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Across Southern Vermont, we join our neighbors around the globe in lighting candles, saying prayers, sharing special food with our families, neighbors and communities, exchanging gifts, singing carols or listening to traditional music that honors our chosen worship or nonreligious quiet reflection on the passing year.

Our thoughts will be with the people of Ukraine this holiday as they struggle to keep the lights on in their hearts and their homes.

Our prayers are with those in Pakistan, where nearly 1,800 have lost their lives to flooding; in Nigeria, Somalia, Sudan and Yemen, where 20 million people face potential starvation; the women of Iran who are denied education and face prison and even death for refusing to be subjugated; refugees who risk and too often lose their lives as they flee violence and oppression in hopes of finding betters lives for their families; and others across the globe who are trying to find joy in a difficult — perhaps impossible — situation this holiday season.

Closer to home, we are keeping an eye on our neighbors — especially the elderly — as this winter storm affects our region. We are volunteering at food shelves to ensure everyone has something to eat; donating coats, boots and hats to make sure everyone is warm; and donating money to angel organizations that provide necessities to those in need.

Yet, while those worries hang over our holidays, we are finding so much to celebrate and be joyful about.

We are blessed with new and wonderful friends who fled dangerous situations in Afghanistan, Iraq, African nations and unstable nations to find safety and support in Vermont. These families and the experiences they bring are a special gift to our communities.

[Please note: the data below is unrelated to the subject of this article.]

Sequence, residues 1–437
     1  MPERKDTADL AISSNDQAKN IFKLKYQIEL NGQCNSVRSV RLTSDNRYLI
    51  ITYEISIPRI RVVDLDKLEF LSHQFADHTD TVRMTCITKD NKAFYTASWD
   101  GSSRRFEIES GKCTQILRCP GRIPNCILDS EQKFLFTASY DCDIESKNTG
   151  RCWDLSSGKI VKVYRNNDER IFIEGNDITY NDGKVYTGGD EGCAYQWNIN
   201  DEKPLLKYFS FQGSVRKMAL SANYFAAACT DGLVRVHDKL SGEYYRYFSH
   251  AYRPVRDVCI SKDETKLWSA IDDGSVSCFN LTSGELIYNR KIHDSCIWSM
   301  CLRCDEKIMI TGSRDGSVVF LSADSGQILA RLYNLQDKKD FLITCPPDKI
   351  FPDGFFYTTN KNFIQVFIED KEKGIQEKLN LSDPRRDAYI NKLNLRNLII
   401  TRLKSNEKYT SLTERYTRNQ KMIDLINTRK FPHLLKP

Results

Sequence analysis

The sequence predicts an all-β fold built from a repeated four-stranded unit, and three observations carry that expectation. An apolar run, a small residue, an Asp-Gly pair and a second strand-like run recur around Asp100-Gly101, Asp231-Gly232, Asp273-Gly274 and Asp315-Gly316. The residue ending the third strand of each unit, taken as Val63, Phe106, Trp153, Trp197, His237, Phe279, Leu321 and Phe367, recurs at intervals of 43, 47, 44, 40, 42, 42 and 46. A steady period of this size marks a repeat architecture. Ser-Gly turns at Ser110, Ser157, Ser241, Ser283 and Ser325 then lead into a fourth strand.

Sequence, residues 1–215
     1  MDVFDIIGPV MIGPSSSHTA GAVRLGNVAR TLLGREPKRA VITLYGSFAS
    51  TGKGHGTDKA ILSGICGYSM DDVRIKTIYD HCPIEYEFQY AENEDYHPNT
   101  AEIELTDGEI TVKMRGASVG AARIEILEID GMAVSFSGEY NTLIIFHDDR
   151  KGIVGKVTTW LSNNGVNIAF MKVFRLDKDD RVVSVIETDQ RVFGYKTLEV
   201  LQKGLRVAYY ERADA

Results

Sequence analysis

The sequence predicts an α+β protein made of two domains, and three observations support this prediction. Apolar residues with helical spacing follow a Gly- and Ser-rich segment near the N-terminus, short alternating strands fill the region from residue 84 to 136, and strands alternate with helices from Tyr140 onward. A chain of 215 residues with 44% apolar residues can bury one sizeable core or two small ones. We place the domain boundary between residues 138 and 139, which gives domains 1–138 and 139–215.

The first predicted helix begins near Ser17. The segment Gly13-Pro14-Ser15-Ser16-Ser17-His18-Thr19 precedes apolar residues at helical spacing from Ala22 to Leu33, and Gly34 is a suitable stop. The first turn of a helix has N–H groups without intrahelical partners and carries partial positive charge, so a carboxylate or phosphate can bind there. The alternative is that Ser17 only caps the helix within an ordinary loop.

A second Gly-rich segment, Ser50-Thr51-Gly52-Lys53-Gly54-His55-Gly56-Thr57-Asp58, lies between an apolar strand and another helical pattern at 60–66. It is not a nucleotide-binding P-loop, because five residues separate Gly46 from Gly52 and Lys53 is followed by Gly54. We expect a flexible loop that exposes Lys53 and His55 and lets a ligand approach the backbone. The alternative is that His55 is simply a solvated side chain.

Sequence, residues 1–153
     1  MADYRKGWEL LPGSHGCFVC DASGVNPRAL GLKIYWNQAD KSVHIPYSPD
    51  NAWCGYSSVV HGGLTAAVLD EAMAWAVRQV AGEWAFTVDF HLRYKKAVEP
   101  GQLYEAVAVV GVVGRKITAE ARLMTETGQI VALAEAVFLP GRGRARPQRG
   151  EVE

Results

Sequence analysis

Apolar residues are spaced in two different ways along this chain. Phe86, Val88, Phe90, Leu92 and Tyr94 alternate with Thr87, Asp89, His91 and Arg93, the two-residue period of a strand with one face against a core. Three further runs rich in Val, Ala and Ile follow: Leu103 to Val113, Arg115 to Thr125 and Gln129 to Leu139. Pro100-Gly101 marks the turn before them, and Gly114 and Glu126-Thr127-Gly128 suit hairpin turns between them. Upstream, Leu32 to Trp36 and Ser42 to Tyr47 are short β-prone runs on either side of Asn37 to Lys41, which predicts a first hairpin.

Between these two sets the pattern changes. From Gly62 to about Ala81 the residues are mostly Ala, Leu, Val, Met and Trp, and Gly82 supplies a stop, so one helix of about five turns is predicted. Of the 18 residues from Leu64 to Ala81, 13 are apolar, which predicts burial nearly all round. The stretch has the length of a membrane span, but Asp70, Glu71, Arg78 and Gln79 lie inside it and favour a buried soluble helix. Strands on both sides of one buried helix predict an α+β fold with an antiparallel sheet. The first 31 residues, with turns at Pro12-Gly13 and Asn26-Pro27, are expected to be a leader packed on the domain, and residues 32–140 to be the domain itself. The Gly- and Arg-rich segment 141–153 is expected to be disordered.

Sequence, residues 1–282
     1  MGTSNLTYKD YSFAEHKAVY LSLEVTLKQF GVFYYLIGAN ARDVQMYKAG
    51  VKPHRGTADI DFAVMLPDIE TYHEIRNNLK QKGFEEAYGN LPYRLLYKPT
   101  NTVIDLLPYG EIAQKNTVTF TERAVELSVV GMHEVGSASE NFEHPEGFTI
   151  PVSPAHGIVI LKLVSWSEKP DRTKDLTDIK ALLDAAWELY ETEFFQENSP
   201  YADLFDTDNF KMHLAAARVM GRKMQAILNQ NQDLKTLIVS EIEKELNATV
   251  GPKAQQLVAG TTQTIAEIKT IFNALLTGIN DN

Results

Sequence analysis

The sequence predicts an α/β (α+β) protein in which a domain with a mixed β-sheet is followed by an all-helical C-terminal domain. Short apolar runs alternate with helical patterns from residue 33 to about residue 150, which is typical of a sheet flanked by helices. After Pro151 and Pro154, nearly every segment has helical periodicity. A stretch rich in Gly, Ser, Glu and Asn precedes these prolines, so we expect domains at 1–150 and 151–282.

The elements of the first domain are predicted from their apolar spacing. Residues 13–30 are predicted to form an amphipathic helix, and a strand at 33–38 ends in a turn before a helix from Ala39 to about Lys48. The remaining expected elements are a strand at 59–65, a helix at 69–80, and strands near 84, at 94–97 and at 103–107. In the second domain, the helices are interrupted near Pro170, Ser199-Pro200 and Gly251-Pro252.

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We are thankful to come together again after two years of pandemic isolation. The risks of COVID are not gone, and we miss those lost to the pandemic. But we have vaccinated and boosted and worn masks and stayed clear of those at special risk of the virus — and continue to do so. The reward is seeing friends and families once again.

We have children who sing in choirs, play sports, embrace the stage, volunteer for good causes, join academic and artistic clubs, and excel in the things that feed their imaginations. And we appreciate our neighbors who donate their time and energy on behalf of our communities.

No one’s life is perfect. But it’s important to take a breath and reflect on how fortunate we are for the simple, good life most of us enjoy in Southern Vermont.

Some of us will celebrate traditionally this weekend with Christmas, Kwanzaa, Hanukkah and other formal services comprising what we commonly call the “holiday season.” Others will find personal ways of seeing 2022 come to a close and preparing for the fresh start of a new year. Some will celebrate with families and friends, others alone.

Regardless of where you find yourself this holiday season, from all of us at Vermont News & Media, and our families, we wish you a happy holiday!


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